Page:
HEAT STRESS

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The human body consists mostly of water. As high as 80% of body mass when we are babies, it drops to as low as 60% as we age. The brain, however, remains around 85% water. Of course water does not occur in pure form in the body; it invariably contains dissolved salts, and these salts are instrumental in the body's management of its water resources. The body can remain healthy and fit for work in high temperatures when; these salts are present in sufficient quantity, the body is able to reject heat through sweat, and abundant supplies of drinking water are available. Heat stress is a risk when strenuous work is required, or where water and essential salts are deficient. If the body is prevented from cooling by sweating when protective clothing is worn, its temperature can rise dangerously. High humidity will defeat even the naked body's ability to cool through sweat. Very dry conditions – where sweat never remains on the skin - can conceal the loss of water, increasing the risk of heat stress. This article looks at heat stress and how to protect workers.

Even when all of these factors (hydration, freedom to perspire and so forth) are optimal, there are some conditions in Australia's extreme climates and in some industrial processes that can overwhelm the body's temperature control. It's worth remembering that heat stress will tend to exacerbate certain pre-existing medical conditions.

Symptoms of heat stress include:

Psychological/mental

Heat and dehydration will impair the brain's ability to function normally. Sufferers from heat stress will become confused, unable to make fast, accurate decisions, and generally lose their mental acuity.

Heat Cramps

shortages of electrolytes will impair muscle function, and can lead to painful cramps.

Fainting

'heat syncope' results from the dilation of the blood vessels in an overheated body trying to cool itself, leading to inadequate blood flow to the brain.

Heat Exhaustion

characterised by profuse sweating, elevated and irregular pulse, nausea and vomiting and mental confusion. Removing the sufferer to a cool environment, hydrating and resting them should cause these symptoms to abate in 15 minutes or so. If not, medical help should be sought.

Heatstroke

characterised by hot, dry skin, of mottled appearance. The body fails to sweat, so its natural cooling ability is lost. The result is an uncontrollable rise in body core temperature, convulsions and loss of consciousness, and possibly death. Immediate medical assistance is necessary.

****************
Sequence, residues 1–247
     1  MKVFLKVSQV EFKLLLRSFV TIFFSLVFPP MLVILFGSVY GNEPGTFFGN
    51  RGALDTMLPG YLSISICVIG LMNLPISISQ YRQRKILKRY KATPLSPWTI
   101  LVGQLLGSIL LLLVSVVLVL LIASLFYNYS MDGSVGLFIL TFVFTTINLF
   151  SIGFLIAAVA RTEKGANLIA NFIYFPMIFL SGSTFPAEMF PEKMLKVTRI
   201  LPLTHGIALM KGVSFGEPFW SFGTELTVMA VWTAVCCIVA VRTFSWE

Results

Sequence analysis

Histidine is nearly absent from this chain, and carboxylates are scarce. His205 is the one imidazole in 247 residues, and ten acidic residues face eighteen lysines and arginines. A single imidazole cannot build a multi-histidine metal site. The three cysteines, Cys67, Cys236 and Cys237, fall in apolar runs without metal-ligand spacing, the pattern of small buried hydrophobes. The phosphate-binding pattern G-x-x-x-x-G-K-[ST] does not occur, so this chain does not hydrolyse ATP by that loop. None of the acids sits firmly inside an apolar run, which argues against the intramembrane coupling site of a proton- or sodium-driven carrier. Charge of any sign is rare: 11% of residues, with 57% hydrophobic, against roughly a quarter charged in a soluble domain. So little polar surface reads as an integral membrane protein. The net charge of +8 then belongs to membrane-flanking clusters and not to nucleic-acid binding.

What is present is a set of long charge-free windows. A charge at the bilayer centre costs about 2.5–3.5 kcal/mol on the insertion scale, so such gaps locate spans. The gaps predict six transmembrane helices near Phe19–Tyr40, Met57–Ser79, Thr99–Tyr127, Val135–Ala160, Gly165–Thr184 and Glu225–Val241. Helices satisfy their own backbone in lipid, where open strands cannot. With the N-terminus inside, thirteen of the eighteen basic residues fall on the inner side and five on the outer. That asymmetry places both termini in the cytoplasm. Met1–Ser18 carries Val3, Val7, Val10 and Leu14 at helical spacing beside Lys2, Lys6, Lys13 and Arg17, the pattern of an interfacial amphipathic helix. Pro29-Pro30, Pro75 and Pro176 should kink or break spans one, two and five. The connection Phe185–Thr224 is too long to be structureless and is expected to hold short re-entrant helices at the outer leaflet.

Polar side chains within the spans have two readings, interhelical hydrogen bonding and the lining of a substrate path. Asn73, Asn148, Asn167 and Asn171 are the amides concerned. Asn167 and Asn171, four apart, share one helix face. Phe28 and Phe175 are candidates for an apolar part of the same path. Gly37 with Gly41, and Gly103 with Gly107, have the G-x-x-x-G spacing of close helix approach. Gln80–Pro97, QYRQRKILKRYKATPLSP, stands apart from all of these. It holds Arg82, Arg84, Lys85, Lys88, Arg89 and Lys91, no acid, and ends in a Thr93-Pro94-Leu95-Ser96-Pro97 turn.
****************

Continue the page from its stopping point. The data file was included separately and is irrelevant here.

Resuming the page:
What you can do

Hydration

ensure that the workforce is properly hydrated. It is legally required to provide adequate drinking water to workers. Workers should also receive some education about hydration management, allowing them to take responsibility for water consumption. In certain conditions, a worker may already be significantly dehydrated before they are thirsty. Routine hydration should be encouraged to alleviate risk of dehydration. Darkening of the urine is a useful indicator that dehydration has occurred, and should be addressed immediately. Caffeine, drink sweeteners and alcohol impair the body's water management processes, and workers should be aware of this.

Electrolyte replenishment

however well hydrated a body is, it must also maintain adequate resources of salts as to not damage the nervous system. SafetyQuip stocks Thorzt electrolyte replenishment products that rehydrate and assist in sustained energy release.

Ventilation

where this is available, make sure it is providing optimum air exchange for the conditions.

Protective Wear

resourceful apparel is available to protect workers from various workplace hazards. If extended work in extreme heat is unavoidable, and protective workwear is necessary to guard against other hazards, evaporative or ice suits should be supplied. Evaporative suits work when immersed in water, soaking the lining. They provide cooling for as long as they are wet. Ice suits, otherwise known as Phase Change Cooling Apparel, use flexible ice blanket inserts to provide powerful cooling for up to 3 hours.

Workplace design

manage the location of heat-inducing activities by using heat shields and reflective apparel. If possible, schedule hot processes for cool parts of the day. Have cool areas available for recovery.

Workforce Scheduling

plan your manpower schedules so that individuals are not assigned to lengthy periods in stressful conditions. Where appropriate, assign more manpower to tasks involving extreme exertion in hot conditions. Take care to monitor each worker's exposure to stress, and to ensure that safe limits are not exceeded by overtime.

SafetyQuip can supply you with all the equipment and supplies you need to counter heat stress in your workforce. To learn more about heat stress, and for specialist advice on the equipment your workplace needs, send ua a contact request here